Austerity budget: the enemy steps up the class war
The latest budget was a very significant step in making the working class pay for the crisis. And it has been announced with great care to delay, divide and divert any resistance to it.
This was chancellor George Osborne's "unavoidable budget", necessary to pay "the debts of a failed past... The richest paying the most and the vulnerable protected." His coalition partner, Vince Cable backed him up: "The cuts in spending and the increases in tax will be felt by everyone, resented by some but understood, I think, by most" (Guardian 23.6.10). It's not as if we weren't warned that it would be painful in advance. But one thing this budget is not is progressive, the vulnerable are not being protected. On the contrary the working class - the source of profit in capitalism - will have to pay.
All workers will have to pay the increase in VAT to 20% from next year, increasing inflation and lowering real wages, a measure that hits the poorest hardest, despite zero rating on food etc, since they have to spend the greatest proportion of their income on necessities.
Public sector pay is being frozen for those earning more than £21,000, a pay cut when inflation is taken into account. Even the £250 flat rate rise for those earning less is a cut in real pay.
The previous Labour budget envisaged taking 4% of GDP out of public finances over several years, two thirds of it from spending cuts. The new budget will increase this to 6.3%, three quarters of it from spending cuts yet to be announced. With the NHS apparently ring-fenced, this will amount to 25% of budgets on things like housing and transport, while they have promised to go easy on education and defence. This is an across the board attack on the whole working class. A briefing for UNISON and the TUC (‘Don't forget the spending cuts') has estimated that this is equivalent to a cut of 21.7% from the income of the poorest tenth of households and over 5% for the middle quintile in 2012-13. This is the money these households would need to find to replace the services they have lost - but of course they will not be able to afford it and the real cost will be paid in deteriorating housing, education, infrastructure... with irreparable effects on quality of life, health, and ultimately life expectancy. A study by Stuckler, an Oxford University epidemiologist, has found each cut in welfare spending of £80 per person will increase alcohol related deaths 2.8% and cardiovascular deaths by 1.2%, and the budget cuts are likely to lead to between 6,500 and 38,000 deaths in 10 years (Guardian 25.6.10).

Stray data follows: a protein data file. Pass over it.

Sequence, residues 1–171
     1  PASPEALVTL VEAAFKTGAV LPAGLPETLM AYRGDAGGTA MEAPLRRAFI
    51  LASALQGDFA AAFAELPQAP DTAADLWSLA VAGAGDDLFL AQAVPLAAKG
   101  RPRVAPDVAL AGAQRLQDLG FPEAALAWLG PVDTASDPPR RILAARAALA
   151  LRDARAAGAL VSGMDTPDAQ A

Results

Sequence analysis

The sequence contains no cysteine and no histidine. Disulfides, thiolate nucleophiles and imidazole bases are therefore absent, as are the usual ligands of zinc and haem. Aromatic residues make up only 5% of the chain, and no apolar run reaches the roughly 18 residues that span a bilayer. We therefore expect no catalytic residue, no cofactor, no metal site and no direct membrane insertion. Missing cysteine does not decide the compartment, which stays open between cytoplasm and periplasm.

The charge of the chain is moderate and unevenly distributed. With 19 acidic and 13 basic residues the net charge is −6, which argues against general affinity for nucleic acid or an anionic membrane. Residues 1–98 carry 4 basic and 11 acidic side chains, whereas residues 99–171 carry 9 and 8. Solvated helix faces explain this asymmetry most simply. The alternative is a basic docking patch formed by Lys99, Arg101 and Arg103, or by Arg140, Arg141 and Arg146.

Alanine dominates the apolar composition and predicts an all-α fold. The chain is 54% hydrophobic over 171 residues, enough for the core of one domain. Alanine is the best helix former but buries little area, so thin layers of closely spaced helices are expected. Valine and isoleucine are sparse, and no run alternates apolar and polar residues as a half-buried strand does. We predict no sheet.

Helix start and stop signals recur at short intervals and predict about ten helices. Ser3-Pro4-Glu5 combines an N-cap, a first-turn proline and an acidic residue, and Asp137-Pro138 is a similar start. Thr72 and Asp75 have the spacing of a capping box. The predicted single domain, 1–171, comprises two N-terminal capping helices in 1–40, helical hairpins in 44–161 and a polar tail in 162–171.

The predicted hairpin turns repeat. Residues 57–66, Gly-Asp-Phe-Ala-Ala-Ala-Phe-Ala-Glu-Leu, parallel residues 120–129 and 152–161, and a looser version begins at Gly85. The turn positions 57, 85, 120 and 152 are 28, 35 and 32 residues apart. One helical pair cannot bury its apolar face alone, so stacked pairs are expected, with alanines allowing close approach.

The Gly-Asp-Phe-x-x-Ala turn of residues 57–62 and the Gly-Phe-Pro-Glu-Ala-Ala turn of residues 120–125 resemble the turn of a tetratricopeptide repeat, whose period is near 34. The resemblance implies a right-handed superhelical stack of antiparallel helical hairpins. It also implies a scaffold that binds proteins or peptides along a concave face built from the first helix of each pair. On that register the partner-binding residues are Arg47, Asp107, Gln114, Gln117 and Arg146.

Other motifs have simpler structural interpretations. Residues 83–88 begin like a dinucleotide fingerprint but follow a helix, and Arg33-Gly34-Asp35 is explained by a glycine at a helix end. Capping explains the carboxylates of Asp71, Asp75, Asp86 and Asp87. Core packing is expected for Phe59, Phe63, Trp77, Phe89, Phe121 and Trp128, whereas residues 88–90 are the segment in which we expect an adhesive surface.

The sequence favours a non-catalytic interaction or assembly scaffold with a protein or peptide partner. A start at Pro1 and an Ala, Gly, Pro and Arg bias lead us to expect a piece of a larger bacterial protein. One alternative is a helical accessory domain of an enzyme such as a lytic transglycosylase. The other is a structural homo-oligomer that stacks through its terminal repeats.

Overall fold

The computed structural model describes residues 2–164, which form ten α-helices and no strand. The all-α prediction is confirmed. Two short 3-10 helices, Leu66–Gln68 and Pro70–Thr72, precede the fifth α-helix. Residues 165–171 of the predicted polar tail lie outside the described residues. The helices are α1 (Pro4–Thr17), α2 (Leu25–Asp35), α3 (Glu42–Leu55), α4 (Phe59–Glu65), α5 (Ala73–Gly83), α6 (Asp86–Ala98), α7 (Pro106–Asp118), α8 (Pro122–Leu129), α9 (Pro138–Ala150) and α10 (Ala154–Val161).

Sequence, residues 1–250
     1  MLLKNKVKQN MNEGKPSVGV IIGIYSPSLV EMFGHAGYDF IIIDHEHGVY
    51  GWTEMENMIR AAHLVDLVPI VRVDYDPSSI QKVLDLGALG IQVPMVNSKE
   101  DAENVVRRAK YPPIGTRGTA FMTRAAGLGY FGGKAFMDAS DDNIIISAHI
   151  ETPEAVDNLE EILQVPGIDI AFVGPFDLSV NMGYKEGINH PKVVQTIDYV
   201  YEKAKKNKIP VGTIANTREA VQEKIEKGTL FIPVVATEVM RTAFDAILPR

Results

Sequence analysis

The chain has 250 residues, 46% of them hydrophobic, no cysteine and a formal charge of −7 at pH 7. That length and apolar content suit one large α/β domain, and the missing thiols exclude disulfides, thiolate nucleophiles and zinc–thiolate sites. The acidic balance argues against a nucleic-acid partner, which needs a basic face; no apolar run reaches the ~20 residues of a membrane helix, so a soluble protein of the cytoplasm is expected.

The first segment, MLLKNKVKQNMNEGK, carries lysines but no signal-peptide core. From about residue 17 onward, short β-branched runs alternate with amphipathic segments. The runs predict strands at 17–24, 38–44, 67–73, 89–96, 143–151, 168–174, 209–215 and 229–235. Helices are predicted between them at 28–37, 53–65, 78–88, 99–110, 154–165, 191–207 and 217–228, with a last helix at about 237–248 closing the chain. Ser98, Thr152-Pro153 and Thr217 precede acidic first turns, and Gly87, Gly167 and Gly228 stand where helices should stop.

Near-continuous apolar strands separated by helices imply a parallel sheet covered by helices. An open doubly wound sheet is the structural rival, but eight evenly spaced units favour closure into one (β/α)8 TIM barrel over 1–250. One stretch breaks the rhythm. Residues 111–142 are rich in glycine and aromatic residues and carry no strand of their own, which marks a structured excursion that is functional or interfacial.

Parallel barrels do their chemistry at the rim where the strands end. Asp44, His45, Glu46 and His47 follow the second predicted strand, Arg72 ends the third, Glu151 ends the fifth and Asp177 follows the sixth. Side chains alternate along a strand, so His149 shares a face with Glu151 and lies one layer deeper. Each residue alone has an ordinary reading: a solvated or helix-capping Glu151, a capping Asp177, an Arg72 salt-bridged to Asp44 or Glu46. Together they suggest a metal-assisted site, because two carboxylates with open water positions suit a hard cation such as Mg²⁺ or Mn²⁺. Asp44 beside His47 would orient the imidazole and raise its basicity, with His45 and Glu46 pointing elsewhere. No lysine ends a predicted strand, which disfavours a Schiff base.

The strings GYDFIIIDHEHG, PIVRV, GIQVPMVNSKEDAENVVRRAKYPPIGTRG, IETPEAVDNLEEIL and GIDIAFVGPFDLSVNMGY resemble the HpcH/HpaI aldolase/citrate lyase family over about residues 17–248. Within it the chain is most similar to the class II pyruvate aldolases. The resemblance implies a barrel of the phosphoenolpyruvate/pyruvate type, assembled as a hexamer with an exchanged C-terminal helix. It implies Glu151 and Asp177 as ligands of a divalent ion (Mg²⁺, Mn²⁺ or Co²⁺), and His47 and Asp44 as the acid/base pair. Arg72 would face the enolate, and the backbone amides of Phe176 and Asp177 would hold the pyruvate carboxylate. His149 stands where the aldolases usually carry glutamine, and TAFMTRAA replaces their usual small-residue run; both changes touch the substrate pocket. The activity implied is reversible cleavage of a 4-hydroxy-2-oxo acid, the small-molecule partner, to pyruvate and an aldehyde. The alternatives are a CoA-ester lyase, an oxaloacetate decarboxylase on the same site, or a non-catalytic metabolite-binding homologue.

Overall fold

For those in the public sector it will mean not just a ‘pay freeze' but also job losses: 500,000 to 600,000 over the next 5 years according to a private Treasury estimate, 725,000 according to the Chartered Institute for Personnel and Development. The private sector will also suffer to the tune of 600,000 to 700,000 job losses according to the Treasury estimate due to the loss of government contracts (Guardian 29.6.10). As for the chancellor's claim that the private sector will create 2.5 million new jobs - as John Philpott, chief economist at the CIPD, said, "There is not a hope in hell's chance of this happening".
For all the new government is boasting about its honesty, not hiding anything in the small print as the last Labour budget did, we have to wait for the spending review in October to hear what is being cut and who is losing their jobs.
In the meantime we hear lots about the pampered public sector and its unaffordable pensions, with former Labour secretary of state John Hutton brought in to examine how best to cut this cost. But as we can see, public sector cuts are attacks on the whole working class and not just those who work in it. As for pensions, this is not particular to this or that industry nor to public or private sector, since everyone faces the same attacks sooner or later, and the rise in the state pension age already announced by the last government is being accelerated.
And, of course, the new government wants to help people caught in the poverty trap of state benefits ... by cutting benefits. Just like the ‘hand up not hand out' and the new deal brought in by Blair and Brown, this measure aims to prevent workers being stuck on benefits when they could be forced into jobs on poverty wages. All benefits apart from the state pension will be linked to the Consumer Price Index instead of the Retail Price Index, which is likely to save £6bn over the next few years. Medical checks for people on disability living allowance and incapacity will be further tightened. Housing benefit is being limited. Nor should we fall for any notion that this is just about the unemployed and disabled, people the government and media can imply are scroungers - child benefit is frozen, maternity grants being completely cut, affecting families whether or not they work. Cuts in welfare spending are due to save £11bn in 2014-15, or about a third of the extra spending cuts.